An Introduction to JavaServer Faces (JSF) 4




What do we have in this session 4?

  1. Wiring Managed Beans to Pages

  2. The index.xhtml File


Wiring Managed Beans to Pages


One of the primary purposes of JSF is to remove the need to write boilerplate code to manage POJOs and their interaction with the application's views. You saw an example of this in the previous section, where JSF instantiated a UserNumberBean object when you ran the application. This notion is referred to as Inversion of Control (IoC), which enables the container to take responsibility for managing portions of the application that would otherwise require the developer to write repetitious code.

In the previous section you created a managed bean that generates a random number between 0 and 10. You also created two properties, userNumber, and response, which represent the number input by the user, and the response to a user guess, respectively.

In this section, you explore how you can use the UserNumberBean and its properties in web pages. JSF enables you to do this using its expression language (EL). You use the expression language to bind property values to JSF's UI components contained in your application's web pages. This section also demonstrates how you can take advantage of JSF 2.0's implicit navigation feature to navigate between the index and response pages.

The IDE provides support for this work through its code completion and documentation facilities, which you can invoke by pressing Ctrl-Space on items in the editor.

Start by making changes to index.xhtml, and then make changes to response.xhtml. In both pages, replace HTML form elements with their JSF counterparts, as they are defined in the JSF HTML tag library. Then, use the JSF expression language to bind property values with selected UI components.


The index.xhtml File


1.    Open the index.xhtml page in the editor. Either double-click the index.xhtml node from the Projects window, or press Alt-Shift-O to use the Go to File dialog. Both index and response pages already contain the JSF UI components you require for this exercise. Simply uncomment them and comment out the HTML elements currently being used.

2.    Comment out the HTML form element. To do so, highlight the HTML form element as in the image below, then press Ctrl-/ (-/ on Mac).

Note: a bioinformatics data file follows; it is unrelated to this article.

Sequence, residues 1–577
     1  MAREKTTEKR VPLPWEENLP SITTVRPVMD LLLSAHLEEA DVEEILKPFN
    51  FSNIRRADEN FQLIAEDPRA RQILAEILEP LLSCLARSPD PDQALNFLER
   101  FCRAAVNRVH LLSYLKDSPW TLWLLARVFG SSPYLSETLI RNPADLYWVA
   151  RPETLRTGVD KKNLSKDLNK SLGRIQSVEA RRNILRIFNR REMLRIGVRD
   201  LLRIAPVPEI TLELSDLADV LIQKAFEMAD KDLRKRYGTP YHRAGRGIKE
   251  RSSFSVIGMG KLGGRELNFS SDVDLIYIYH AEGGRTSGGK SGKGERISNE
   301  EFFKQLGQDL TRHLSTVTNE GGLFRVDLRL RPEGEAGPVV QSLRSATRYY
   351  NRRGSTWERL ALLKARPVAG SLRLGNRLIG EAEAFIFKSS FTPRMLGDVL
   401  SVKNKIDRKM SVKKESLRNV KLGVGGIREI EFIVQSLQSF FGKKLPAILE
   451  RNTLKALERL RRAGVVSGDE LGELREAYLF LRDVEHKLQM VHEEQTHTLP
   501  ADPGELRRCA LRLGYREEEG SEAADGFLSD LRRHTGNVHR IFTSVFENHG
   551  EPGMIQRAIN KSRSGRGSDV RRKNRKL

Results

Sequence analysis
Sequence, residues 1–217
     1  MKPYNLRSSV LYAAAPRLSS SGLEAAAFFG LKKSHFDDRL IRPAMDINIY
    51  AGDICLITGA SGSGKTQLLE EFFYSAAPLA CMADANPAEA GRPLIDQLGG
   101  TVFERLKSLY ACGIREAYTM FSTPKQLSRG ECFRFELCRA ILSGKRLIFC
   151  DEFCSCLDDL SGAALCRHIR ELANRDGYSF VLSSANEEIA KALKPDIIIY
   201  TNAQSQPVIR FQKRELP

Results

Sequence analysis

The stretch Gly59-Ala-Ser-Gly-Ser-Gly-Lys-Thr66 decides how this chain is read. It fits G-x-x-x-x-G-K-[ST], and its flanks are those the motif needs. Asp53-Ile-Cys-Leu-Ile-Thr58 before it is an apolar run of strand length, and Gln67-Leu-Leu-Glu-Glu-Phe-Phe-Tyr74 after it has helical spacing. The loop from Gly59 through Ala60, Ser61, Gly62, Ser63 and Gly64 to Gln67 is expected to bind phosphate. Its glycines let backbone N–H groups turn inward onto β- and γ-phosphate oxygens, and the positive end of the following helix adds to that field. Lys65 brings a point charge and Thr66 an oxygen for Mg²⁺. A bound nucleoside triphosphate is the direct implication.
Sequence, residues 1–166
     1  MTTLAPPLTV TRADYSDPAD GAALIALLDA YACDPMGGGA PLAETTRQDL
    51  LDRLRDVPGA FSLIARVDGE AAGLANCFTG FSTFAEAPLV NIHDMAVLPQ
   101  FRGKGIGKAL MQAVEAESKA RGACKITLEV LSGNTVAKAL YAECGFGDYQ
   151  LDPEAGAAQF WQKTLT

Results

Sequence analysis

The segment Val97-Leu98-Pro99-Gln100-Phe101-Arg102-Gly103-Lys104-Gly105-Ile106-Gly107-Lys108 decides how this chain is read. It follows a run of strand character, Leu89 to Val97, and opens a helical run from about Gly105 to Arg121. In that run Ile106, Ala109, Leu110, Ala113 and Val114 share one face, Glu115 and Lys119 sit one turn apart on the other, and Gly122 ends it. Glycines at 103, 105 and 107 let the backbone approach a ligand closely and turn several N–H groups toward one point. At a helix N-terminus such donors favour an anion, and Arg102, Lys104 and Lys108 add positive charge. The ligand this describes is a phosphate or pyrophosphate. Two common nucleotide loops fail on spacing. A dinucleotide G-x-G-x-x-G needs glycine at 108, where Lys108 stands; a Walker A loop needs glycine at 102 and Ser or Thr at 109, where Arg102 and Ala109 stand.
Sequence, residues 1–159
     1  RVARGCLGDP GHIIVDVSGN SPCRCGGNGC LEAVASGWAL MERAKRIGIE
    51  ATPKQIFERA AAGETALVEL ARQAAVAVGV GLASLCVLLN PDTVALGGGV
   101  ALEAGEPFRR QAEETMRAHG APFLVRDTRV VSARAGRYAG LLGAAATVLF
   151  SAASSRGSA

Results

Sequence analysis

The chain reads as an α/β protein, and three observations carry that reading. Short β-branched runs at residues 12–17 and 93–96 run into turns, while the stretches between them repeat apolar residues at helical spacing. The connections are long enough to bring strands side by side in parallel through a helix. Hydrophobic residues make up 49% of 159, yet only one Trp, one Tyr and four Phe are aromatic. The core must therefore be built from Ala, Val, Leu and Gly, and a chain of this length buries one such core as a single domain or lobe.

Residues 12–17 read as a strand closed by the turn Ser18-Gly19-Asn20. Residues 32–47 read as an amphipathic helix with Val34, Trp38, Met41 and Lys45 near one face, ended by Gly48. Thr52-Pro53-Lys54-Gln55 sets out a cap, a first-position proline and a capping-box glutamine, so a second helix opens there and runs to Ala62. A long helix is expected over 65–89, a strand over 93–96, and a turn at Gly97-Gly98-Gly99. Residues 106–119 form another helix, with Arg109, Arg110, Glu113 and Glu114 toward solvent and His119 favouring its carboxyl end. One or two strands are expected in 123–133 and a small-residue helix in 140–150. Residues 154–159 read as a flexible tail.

Note: To highlight, either click and drag in the editor with your mouse, or, using the keyboard, hold Shift and press the arrow keys.

Use Ctrl-/ (-/ on Mac) to toggle comments in the editor. You can also apply this keyboard shortcut to other file types, such as Java and CSS.



Commenting the HTML elements


Uncomment the JSF HTML form component. Highlight the component as in the image below, then press Ctrl-/ (-/ on Mac).











Uncommenting the JSF HTML elements


After uncommenting the JSF HTML form component, the editor indicates that the <h:form>, <h:inputText>, and <h:commandButton> tags haven't been declared.


The undeclared JSF element


To declare these components, use the IDE's code completion to add the tag library namespace to the page's <html> tag. Place your cursor on any of the undeclared tags and press Ctrl-Space. Code completion suggestions and documentation support displays.





The code completion suggestions and documentation support seen from NetBeans IDE


Click Enter. (If there are multiple options, make sure to select the tag that is displayed in the editor before clicking Enter.) The JSF HTML tag library namespace is added to the <html> tag (shown below), and the error indicators disappear.


The added HTML tag


Use the JSF expression language to bind UserNumberBean's userNumber property to the inputText component. The value attribute can be used to specify the current value of the rendered component. Type in the code displayed in bold below.










        <h:inputText id="userNumber" size="2" maxlength="2" value="#{UserNumberBean.userNumber}"/>

        <h:commandButton id="submit" value="submit" />



Adding source code to bind property to the JSF component


JSF expression language uses the #{} syntax. Within these delimiters, you specify the name of the managed bean and the bean property you want to apply, separated by a dot (.). Now, when the form data is sent to the server, the value is automatically saved in the userNumber property using the property's setter (setUserNumber()). Also, when the page is requested and a value for userNumber has already been set, the value will automatically display in the rendered inputText component.

Specify the destination for the request that is invoked when clicking the form button. In the HTML version of the form, you were able to do this using the <form> tag's action attribute. With JSF, you can use the commandButton's action attribute. Furthermore, due to JSF 2.0's implicit navigation feature, you only need to specify the name of the destination file, without the file extension. Type in the code displayed in bold below.


    <h:inputText size="2" maxlength="2" value="#{UserNumberBean.userNumber}" />
    <h:commandButton id="submit" value="submit" action="response" />


Adding the action element to the source code


The JSF runtime searches for a file named response.xhtml. It assumes the file extension is the same as the extension used by file from which the request originated (index.xhtml) and looks for the response.xhtml file in the same directory as the originating file (i.e., the webroot).

Note: JSF 2.0 aims to make developers' tasks much easier. If you were using JSF 1.2 for this project, you would need to declare a navigation rule in a Faces configuration file that would look similar to the following:







< JavaServer Faces (JSF) 3 | Java and Friends | JavaServer Faces (JSF) 5 >





JavaServer Faces 1 | JavaServer Faces 2 | JavaServer Faces 3 | JavaServer Faces 4 | JavaServer Faces 5 | JavaServer Faces 6 | JavaServer Faces 7 | JavaServer Faces 8 | JavaServer Faces 9 | Java and Friends